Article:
It must be an odd experience to have a random stranger email you out of the blue about a calculator you owned over four decades ago, but Emeritus Professor [John Stradling] of Oxford University’s Nuffield Department of Medicine took it in his stride. No mystery then how it found its way to me as an Oxford-based 1980s teenager.
Professor [Stradling] has now retired from his medical career, but is still an active medical researcher and scientist. He bought the Sinclair as a junior doctor, and told me that it was very much the ‘must have’ accessory at the time as there were a lot of calculations to be made with respect to drugs, or fluids. He revealed that maths is not necessarily the strong point of many doctors through the education system selecting students who study biology instead, and the advent of calculators like the Sinclair was something of a boon to them.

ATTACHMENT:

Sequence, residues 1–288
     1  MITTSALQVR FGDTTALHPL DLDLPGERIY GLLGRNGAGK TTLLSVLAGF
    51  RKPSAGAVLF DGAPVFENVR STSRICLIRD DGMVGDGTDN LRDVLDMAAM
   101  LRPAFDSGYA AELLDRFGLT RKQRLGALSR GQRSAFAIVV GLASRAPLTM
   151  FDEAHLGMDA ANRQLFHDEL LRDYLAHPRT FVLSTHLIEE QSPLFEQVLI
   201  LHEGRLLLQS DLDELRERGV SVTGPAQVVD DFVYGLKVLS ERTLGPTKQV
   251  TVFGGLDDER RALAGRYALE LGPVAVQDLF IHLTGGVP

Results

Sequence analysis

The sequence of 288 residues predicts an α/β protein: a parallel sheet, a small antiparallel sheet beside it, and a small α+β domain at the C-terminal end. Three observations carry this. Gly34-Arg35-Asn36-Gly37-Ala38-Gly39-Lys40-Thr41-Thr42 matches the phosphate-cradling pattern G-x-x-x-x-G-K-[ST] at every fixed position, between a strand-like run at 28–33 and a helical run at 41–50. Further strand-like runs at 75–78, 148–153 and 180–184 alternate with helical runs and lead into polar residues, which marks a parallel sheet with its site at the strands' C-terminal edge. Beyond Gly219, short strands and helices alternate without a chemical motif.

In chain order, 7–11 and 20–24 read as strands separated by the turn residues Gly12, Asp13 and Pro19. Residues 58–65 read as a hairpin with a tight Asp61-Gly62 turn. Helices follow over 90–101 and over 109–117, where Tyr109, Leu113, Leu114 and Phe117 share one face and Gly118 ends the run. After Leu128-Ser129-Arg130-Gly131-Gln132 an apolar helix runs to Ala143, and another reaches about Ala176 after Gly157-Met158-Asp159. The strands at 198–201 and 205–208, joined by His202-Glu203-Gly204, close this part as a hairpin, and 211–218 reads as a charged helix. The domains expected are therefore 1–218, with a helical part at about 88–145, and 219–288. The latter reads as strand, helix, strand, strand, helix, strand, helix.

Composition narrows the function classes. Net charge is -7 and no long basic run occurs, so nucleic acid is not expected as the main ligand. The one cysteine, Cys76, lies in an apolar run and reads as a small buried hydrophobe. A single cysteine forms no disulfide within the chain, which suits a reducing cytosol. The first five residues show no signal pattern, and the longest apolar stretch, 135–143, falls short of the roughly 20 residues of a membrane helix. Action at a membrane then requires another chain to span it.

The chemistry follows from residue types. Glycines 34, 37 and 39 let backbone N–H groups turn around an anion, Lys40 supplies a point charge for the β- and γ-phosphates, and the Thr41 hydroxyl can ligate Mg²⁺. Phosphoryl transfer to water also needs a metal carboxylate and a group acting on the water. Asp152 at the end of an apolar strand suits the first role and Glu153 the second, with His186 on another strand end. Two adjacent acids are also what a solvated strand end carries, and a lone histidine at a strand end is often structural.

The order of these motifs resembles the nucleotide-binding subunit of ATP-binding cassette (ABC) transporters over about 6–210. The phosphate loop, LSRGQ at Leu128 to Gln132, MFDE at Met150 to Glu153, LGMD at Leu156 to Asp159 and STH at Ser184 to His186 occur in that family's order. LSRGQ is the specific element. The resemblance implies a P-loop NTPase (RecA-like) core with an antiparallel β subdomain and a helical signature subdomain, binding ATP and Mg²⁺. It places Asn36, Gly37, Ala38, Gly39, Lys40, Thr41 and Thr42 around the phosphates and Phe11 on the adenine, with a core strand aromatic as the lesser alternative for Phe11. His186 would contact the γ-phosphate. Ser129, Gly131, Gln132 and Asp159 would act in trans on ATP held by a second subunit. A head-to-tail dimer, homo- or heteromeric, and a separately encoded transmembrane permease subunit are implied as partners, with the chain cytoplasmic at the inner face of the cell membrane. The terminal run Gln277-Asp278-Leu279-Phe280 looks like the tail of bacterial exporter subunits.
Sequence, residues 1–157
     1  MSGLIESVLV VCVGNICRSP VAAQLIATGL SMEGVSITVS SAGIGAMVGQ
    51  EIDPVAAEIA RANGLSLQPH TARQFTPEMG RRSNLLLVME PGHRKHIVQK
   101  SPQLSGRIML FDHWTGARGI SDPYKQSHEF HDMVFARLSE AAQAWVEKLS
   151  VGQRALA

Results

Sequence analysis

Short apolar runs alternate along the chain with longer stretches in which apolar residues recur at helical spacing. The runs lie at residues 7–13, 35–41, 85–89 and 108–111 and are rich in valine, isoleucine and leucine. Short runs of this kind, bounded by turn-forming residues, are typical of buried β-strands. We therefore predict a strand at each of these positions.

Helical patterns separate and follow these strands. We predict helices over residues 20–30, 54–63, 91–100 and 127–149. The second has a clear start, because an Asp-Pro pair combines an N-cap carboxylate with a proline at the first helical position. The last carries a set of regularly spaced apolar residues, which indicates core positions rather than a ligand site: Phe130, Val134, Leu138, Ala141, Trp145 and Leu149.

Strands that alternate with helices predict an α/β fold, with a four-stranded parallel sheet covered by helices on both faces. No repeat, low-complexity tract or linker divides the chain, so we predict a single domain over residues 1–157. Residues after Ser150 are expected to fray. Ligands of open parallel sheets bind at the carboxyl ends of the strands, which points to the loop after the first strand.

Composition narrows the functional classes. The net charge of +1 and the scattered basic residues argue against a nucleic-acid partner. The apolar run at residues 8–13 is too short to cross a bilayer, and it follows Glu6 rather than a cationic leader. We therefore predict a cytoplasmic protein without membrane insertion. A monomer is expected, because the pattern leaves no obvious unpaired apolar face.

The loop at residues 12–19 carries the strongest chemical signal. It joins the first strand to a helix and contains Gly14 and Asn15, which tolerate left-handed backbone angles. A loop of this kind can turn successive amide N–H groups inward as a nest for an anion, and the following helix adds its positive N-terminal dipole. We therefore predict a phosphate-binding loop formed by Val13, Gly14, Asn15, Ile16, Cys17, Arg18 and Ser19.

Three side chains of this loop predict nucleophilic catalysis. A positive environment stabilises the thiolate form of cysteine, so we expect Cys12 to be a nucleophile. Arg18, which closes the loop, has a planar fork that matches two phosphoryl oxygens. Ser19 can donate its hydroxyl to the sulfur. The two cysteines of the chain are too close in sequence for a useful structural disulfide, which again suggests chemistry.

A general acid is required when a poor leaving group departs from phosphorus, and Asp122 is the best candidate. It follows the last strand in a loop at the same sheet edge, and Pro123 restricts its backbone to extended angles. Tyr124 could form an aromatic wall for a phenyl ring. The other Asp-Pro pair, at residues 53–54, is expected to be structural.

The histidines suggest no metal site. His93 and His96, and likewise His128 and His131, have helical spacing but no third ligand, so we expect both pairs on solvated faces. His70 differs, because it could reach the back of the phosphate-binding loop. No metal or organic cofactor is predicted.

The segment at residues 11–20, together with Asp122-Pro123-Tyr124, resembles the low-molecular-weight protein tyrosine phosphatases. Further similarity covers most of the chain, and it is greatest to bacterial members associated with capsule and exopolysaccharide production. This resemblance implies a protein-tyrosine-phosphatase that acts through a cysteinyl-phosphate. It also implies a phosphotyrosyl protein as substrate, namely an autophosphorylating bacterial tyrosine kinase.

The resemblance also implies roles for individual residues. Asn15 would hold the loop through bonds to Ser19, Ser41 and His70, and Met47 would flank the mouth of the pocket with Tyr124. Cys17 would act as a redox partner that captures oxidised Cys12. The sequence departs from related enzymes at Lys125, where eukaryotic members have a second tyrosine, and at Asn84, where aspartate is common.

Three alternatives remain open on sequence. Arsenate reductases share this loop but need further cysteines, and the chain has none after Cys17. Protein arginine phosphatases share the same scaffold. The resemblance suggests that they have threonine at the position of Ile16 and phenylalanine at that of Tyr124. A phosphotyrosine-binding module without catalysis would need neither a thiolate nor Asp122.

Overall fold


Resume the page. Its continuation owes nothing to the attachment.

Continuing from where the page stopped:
We take a calculator for granted today, it’s an app on a smartphone or if it’s a physical device it’s a lightweight and slim machine with functions way in excess of those on the Sinclair, that runs on next-to-no power. It’s therefore interesting to have a glimpse into where scientific calculators originated, and to have a first-hand account of what it meant to own one in an age of slide rules. The Sinclair Scientific wasn’t the first pocket scientific calculator, nor was it the best of its era. But the story of its development using a chip never intended for the job is a fascinating one, a true hack if ever we saw one. And while today it wouldn’t be the machine you’d reach for from choice, it’s still one with a pleasing aesthetic in an extremely compact form factor. You’d probably be lucky to find one in a rummage sale today, but if one comes your way, snap it up. Meanwhile, enjoy our gallery of the Sinclair Scientific’s internals.